The next stop on our way back to Flagstaff, was Horseshoe Bend. This is a spectator freebie that is a must see. You pull off the road and park, then start your way up the “sand dune” to the top. “Yes! It’s right over this hill!” I said to myself. Getting to the top I say to Brian, “Are you kidding me?” Once at the the top of the hill you would look out at the task in front of you. About 1/2 mile of dirt path going down hill to the Grand Canyon edge. It’s 90-something degrees out, I have a half bottle of very warm water, and my shoes and socks are filled with sand. We press on. Remember when I mentioned I was afraid of heights? Well, that comes into play right about now. See, you’re out in the desert, about to overlook the Grand Canyon.

Horseshoe Bend

They don’t put guard rails on the edge of the canyon, that would take away from the grandeur. No. They let you walk right up to the edge (and over, if you wanted to) and see the beauty of Mother Nature first hand. The weather was looking stormy to our left which made for some interesting clouds. The water was very dark. Horseshoe Bend is a bend (duh) in the river that is 270 degrees. I somewhat remember this feature as I rafted the entire Grand Canyon with my father back in 1993. I looked around me to find tourists walking right up to the edge and looking over. Some were standing on rocks, some were laying down with their cameras right at the edge. Me? I was 20 ft. away admiring the bushes. After a few minutes of baby stepping my way towards (the word “towards” was my 1111th word typed in this post. 1111? 11:11? Anyway…) the edge, I was rewarded with a spectacular view. It took a few minutes before I could get the full bend of the river into my viewfinder. Actually, to look THROUGH the viewfinder would require that I actually be at the edge of the canyon. No can do. I used the “Live View” feature of my camera which uses the LCD on the back to show me what the camera is looking at. I then held the camera forward and up high to glimpse at the screen until the river came into view. Mission accomplished. We spent about 45 minutes gazing in wonder, then started the 3/4 mile trip back to the car. Did I mention I had a bagel for breakfast at the Globetrotter Lodge about oh, 8 hours ago? Yeah. I was famished. Dying, actually. We turned around and went back into Page for some lunch. We stopped at R.D’s Drive-In, “Page’s Original Drive-in Restaurant,” where I had a bacon cheeseburger and fries. And 64 oz. of…wait for it…Dr. Pepper®. I was parched. Dr. Pepper saved the day. And quite possibly my life. And will probably kill me in the long run.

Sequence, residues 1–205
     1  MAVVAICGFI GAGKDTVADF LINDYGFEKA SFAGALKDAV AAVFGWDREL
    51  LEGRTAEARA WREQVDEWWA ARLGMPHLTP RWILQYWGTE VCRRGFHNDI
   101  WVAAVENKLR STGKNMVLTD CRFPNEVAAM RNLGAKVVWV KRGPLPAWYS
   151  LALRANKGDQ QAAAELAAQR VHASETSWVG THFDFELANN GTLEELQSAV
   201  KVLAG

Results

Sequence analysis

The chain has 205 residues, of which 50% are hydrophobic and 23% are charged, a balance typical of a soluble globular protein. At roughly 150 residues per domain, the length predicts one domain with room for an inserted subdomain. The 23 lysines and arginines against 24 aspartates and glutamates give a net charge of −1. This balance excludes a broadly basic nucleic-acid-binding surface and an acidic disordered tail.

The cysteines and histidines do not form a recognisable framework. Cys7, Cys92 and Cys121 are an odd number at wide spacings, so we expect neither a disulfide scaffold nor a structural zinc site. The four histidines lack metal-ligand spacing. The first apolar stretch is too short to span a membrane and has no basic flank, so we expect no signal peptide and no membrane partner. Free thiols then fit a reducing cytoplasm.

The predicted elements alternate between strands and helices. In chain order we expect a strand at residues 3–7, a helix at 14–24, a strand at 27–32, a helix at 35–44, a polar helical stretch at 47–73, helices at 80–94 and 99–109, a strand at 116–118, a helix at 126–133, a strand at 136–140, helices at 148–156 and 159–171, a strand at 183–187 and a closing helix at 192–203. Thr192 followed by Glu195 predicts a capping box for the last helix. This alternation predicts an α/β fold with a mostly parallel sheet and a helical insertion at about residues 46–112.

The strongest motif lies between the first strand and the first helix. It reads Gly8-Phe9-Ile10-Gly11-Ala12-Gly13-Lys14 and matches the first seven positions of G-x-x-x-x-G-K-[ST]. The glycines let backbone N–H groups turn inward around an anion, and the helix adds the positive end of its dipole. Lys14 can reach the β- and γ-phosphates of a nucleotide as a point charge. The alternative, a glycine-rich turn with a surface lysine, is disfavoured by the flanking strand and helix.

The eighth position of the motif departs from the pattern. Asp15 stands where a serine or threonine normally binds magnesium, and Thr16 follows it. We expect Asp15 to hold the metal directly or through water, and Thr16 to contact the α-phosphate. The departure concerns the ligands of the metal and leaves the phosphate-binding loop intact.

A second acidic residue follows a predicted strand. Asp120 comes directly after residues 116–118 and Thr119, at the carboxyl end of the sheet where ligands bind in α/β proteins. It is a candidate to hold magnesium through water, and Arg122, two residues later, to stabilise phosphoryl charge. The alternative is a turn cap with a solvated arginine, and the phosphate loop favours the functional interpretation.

We hopped back into the Mustang and made our way back to Flagstaff and our hotel. Budget Inn, I believe. Breakin’ the road trip rules all over again. Sigh. Before dinner we went to the laundromat right down the street. There’s one hour of my life I’ll never get back. On to dinner at The Galaxy Diner, conveniently located behind our hotel. I had the home-made meatloaf with mashed potatoes, corn cob and seasoned toast/bread. Delish! Since I was totally blown out from wandering through canyons and the desert, I saved the blog entry for the next morning and went to bed.

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Thom BriggsComment